You should figure your stool measurments using the width and depth of your window sill, and taking in account your moulding. For example, the casing I planned on using was only 5/8 in thick, so I wanted my stool to extend past the wall only about 1 in. Since they don't sell 1 x 5, that meant I had to rip down my 1 x 6 down to 4.5 in widths. My casing was also 2.5 in wide, so I wanted my stool to extend 4 in on either side of the window to have somewhere for the trim to meet up with, and having a little extend past.
I did the first two windows before I had my table saw. You can use a circular saw, or even a jigsaw if you scribe your line and have a steady hand. It doesn't have to be perfect.
*A quick table saw tip. After you set the width on your fence, double check the distance between the fence and the inside of the blade, just to make sure everything is square.
Once your board is ripped to the correct width and cut to length, it's time to mark your inside corners.
I started by marking where the edge of the window will be, 1 inch in from the edge.
I then marked 4 inches from either edge.
Now, I got really scientific for this part. I needed to scribe the radius's of my dumb, rounded drywall corners. I simply looked in my tupperware cabinet for something small and round, comparing it to the corners until I found a close match. Line the circular object up with the lines, on the back and outside edges and trace the curve between the lines. If your drywall edges aren't rounded, you can skip this step.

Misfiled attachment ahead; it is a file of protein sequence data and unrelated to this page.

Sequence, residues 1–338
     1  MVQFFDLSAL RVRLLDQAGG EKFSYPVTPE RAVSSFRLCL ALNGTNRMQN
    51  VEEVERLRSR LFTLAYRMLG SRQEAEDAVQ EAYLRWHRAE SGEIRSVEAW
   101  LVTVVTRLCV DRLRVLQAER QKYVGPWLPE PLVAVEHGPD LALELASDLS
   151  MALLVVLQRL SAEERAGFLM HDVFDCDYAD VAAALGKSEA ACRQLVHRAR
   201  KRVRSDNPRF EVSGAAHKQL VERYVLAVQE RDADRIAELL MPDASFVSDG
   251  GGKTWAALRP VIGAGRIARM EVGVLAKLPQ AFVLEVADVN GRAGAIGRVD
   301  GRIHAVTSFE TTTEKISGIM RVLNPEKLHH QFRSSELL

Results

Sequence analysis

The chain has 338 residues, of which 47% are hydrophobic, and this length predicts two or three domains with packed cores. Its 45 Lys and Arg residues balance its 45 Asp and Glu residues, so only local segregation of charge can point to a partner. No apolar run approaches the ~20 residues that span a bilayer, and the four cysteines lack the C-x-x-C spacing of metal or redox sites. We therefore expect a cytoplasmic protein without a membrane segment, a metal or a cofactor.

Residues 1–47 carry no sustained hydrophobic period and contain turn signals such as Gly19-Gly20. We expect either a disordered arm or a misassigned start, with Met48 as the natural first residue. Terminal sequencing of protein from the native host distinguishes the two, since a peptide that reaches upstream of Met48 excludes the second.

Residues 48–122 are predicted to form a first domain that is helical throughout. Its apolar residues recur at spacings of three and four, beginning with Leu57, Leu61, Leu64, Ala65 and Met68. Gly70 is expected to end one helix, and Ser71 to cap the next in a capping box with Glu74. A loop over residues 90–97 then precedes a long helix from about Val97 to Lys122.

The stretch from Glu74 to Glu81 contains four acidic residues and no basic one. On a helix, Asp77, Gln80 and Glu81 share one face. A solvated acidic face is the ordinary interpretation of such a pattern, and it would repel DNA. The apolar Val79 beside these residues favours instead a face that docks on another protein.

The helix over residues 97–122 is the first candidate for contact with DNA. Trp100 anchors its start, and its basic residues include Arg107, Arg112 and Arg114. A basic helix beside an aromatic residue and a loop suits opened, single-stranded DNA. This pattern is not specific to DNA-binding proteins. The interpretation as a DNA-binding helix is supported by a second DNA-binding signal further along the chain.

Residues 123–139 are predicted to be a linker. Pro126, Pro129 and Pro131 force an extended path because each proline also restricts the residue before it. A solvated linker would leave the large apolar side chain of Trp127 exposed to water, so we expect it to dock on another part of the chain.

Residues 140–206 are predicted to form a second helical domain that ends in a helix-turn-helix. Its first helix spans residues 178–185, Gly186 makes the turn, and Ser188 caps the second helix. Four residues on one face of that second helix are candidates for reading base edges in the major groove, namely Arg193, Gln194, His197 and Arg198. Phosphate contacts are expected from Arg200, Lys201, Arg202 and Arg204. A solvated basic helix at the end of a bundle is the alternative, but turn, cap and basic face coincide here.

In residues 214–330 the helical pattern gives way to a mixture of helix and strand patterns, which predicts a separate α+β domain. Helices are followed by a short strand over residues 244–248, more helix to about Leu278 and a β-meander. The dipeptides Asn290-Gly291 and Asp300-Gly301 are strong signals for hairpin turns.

Use your handy-dandy
Now test fit your stool before you do anything else. Mine took a little adjusting to get the corners to sit right, but it wasn't anything too challenging.
If you like craftsman style and want to keep things simple, you could leave your stool like that and nail it in. I like a little more detail, and wanted to match the previous two windows, so I needed to rout the outside edges of my stool. I just used a 1/4 in round over bit, sunk slightly to create an additional edge.
Make sure to go all the way around the outside edges.
Lay your stool in place and attach with a few finish nails. The rest of the trim is simple.I just cut 1 x 4 boards square and ran them along the inside of the window frame. I nailed my top piece in first, then the sides.